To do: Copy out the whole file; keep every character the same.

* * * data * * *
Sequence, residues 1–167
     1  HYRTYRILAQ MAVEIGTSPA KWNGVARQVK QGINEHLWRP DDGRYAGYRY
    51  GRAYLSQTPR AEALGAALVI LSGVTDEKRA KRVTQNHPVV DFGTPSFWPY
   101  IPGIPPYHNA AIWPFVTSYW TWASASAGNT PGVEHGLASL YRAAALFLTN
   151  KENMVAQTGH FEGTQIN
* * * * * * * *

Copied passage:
Sequence, residues 1–167
     1  HYRTYRILAQ MAVEIGTSPA KWNGVARQVK QGINEHLWRP DDGRYAGYRY
    51  GRAYLSQTPR AEALGAALVI LSGVTDEKRA KRVTQNHPVV DFGTPSFWPY
   101  IPGIPPYHNA AIWPFVTSYW TWASASAGNT PGVEHGLASL YRAAALFLTN
   151  KENMVAQTGH FEGTQIN